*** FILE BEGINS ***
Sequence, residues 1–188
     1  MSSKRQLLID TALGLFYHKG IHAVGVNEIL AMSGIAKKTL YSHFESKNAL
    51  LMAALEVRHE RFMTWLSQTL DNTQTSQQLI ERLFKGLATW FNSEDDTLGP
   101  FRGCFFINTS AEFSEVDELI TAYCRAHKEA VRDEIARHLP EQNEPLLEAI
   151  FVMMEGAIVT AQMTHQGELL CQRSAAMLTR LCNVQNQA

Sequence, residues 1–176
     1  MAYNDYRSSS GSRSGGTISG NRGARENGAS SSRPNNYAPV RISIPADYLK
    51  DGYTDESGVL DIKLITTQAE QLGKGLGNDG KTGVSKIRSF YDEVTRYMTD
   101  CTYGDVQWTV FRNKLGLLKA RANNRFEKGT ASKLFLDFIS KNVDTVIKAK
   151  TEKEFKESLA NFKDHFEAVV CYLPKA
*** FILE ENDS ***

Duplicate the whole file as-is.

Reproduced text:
Sequence, residues 1–188
     1  MSSKRQLLID TALGLFYHKG IHAVGVNEIL AMSGIAKKTL YSHFESKNAL
    51  LMAALEVRHE RFMTWLSQTL DNTQTSQQLI ERLFKGLATW FNSEDDTLGP
   101  FRGCFFINTS AEFSEVDELI TAYCRAHKEA VRDEIARHLP EQNEPLLEAI
   151  FVMMEGAIVT AQMTHQGELL CQRSAAMLTR LCNVQNQA

Sequence, residues 1–176
     1  MAYNDYRSSS GSRSGGTISG NRGARENGAS SSRPNNYAPV RISIPADYLK
    51  DGYTDESGVL DIKLITTQAE QLGKGLGNDG KTGVSKIRSF YDEVTRYMTD
   101  CTYGDVQWTV FRNKLGLLKA RANNRFEKGT ASKLFLDFIS KNVDTVIKAK
   151  TEKEFKESLA NFKDHFEAVV CYLPKA